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The news at a glance

British Airways: Labor unrest in the skies; Entertainment: Lions Gate rebuffs Icahn; Food: PepsiCo pushes more healthful snacks; Books: Barnes & Noble promotes online chief to CEO; Transport: FedEx’s blowout quarter

British Airways: Labor unrest in the skies
British Airways cabin crews staged a three-day walkout this week, to protest a proposed pay freeze and staffing cuts, said Michael Carolan and Daniel Michaels in The Wall Street Journal. The strike snarled air traffic across Europe, as BA canceled about 40 percent of long-haul flights. BA Chairman Willie Walsh has taken a “hard line” with Unite, the cabin crews’ union, and he appears to be “willing to take a hit to this year’s results to achieve long-run cost reductions.” The strike cost BA an estimated $15 million a day in revenue; a second, four-day strike is slated to begin March 27.

Travelers are “bracing for even worse times to come,” said David Jolly in The New York Times, as labor strife spreads to other European airlines. Alitalia flight crews and baggage handlers disrupted service with a four-hour strike this week, Air France crews plan a four-day walkout next week, “and pilots at Luft­hansa and TAP Portugal are also in a combative mood.” The unions want pay increases and no reductions in cabin staffing, which management says are crucial to the airlines’ financial health.

Entertainment: Lions Gate rebuffs Icahn
The board of Lions Gate Entertainment, Hollywood’s largest independent studio, has rejected a $575 million takeover offer by activist investor Carl Icahn, said Claudia Eller in LATimes.com. Icahn, who made his fortune by buying stakes in companies and then pressuring their management to boost share prices, wants the studio to cut costs and drop its effort to buy Metro-Goldwyn-Mayer’s film library, which Icahn considers overpriced. Shareholders still have the option to sell their shares to Icahn, but analysts doubt they’ll do so unless he ups his offer.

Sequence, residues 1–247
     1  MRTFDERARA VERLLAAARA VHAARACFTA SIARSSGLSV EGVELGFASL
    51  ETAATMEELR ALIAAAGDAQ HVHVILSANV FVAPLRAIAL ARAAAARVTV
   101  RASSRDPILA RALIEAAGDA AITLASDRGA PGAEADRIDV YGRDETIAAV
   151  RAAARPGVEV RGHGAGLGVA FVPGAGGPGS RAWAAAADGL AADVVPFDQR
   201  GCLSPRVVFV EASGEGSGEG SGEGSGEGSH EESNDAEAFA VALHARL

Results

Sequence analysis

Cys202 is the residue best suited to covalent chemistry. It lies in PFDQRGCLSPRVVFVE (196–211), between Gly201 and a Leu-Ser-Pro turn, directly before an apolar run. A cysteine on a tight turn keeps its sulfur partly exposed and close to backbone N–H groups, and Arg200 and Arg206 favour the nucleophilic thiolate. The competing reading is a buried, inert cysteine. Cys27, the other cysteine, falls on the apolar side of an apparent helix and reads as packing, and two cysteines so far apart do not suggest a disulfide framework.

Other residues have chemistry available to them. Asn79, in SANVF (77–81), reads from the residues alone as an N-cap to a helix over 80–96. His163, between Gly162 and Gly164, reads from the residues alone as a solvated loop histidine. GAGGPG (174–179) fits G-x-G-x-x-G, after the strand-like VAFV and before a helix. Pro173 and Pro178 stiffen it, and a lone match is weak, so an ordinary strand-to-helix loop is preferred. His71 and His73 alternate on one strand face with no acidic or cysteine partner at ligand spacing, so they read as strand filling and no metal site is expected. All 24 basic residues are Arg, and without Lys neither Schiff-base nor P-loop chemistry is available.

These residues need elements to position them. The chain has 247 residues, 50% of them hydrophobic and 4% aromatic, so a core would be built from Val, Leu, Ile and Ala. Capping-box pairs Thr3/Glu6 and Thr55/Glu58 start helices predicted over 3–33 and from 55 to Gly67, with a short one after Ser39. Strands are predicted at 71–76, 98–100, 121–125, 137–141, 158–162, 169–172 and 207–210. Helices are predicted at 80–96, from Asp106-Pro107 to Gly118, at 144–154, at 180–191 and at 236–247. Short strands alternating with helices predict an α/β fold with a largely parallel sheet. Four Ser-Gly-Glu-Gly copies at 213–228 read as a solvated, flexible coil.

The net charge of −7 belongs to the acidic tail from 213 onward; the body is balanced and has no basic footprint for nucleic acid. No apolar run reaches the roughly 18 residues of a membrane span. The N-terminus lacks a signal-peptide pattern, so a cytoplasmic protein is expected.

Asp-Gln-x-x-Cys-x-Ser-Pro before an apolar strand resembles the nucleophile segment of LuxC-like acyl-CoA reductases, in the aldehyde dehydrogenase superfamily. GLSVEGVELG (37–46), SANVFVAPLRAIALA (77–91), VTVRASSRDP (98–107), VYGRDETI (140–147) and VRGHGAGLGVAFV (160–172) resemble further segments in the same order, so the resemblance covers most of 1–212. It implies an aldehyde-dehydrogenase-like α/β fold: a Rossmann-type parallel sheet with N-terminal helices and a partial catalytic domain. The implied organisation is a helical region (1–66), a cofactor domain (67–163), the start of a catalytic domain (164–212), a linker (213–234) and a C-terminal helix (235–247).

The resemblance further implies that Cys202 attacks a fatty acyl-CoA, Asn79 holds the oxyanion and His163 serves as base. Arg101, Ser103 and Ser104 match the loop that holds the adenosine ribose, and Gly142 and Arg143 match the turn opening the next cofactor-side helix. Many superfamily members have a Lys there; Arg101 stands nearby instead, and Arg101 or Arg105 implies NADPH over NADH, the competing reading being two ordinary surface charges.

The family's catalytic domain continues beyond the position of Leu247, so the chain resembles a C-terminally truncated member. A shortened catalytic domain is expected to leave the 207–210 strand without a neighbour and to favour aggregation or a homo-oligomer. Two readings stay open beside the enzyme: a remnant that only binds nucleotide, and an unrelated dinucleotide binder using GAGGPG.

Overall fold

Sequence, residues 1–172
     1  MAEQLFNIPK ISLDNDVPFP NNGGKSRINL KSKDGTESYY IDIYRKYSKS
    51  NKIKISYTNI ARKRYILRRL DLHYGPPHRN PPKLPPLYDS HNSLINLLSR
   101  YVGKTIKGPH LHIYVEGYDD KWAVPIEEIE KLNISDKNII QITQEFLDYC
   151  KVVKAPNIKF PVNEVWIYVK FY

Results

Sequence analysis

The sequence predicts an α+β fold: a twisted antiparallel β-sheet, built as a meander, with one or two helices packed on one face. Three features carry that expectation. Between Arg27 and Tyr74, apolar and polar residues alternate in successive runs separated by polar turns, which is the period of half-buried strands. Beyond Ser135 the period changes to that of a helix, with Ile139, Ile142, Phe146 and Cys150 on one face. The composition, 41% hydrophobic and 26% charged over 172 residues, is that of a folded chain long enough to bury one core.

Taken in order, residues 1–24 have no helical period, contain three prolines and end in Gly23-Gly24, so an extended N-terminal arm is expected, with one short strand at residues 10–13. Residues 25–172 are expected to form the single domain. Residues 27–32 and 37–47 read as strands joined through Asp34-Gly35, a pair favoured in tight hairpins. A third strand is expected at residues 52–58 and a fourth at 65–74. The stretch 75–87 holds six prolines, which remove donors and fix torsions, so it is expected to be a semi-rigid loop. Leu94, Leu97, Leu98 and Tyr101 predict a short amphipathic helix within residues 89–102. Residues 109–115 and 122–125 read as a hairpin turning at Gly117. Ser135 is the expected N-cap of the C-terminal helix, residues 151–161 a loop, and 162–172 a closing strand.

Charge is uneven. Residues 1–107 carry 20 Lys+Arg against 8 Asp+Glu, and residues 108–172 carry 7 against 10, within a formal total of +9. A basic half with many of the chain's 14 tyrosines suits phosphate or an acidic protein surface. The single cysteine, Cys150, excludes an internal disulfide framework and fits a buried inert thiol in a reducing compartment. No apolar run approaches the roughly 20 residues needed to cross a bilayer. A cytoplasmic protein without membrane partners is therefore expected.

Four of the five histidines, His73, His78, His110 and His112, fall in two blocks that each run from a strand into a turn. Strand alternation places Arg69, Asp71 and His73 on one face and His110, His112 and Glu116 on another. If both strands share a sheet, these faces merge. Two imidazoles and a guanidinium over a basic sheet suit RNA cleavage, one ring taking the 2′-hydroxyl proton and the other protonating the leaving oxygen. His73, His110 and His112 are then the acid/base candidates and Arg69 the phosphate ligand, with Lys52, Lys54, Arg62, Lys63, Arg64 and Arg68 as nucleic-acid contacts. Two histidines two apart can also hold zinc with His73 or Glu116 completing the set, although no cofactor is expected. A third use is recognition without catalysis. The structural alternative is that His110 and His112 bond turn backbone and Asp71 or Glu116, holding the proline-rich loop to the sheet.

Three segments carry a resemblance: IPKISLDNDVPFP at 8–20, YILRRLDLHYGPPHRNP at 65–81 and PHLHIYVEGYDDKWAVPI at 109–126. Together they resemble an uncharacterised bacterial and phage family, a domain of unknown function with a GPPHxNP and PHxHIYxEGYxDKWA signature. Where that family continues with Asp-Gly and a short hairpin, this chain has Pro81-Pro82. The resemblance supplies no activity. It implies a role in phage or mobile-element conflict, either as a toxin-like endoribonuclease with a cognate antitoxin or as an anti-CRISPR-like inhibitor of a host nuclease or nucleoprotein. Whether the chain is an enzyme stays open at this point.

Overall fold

Food: PepsiCo pushes more healthful snacks
PepsiCo this week announced plans to reduce the amount of sugar, sodium, and saturated fats in its top-selling snack foods by 25 percent by 2015, said Andrew Jack and Jonathan Birchall in the Financial Times. The move by PepsiCo, which along with its signature soft drink owns the Frito-Lay and Quaker Oats brands, is pre-emptive: Health officials in the U.S. and Europe “have threatened regulation if action is not forthcoming” on making its products more healthful.

Books: Barnes & Noble promotes online chief to CEO
Barnes & Noble has tapped William Lynch, head of the company’s dot-com operation, to be its new CEO, replacing Steve Riggio, said David Lieberman in USAtoday.com. The surprise promotion of Lynch, 39, signals the importance of electronic books to Barnes & Noble, which badly trails Amazon in that category. Barnes & Noble is also resisting a takeover attempt by billionaire Ron Burkle, who wants to oust Leonard Riggio, the company’s vice chairman; the Riggio family owns 31 percent of Barnes & Noble stock.

Transport: FedEx’s blowout quarter
FedEx this week posted a startling first-quarter profit gain of nearly 150 percent, a strong hint that the global economic recovery is gaining traction, said Wayne Risher in the Memphis Commercial Appeal. The Memphis-based company, “considered a barometer of the global economy” because of its role in the movement of goods, earned $239 million in the first quarter on revenue of $8.7 billion. It’s the company’s first year-on-year profit increase in five quarters.

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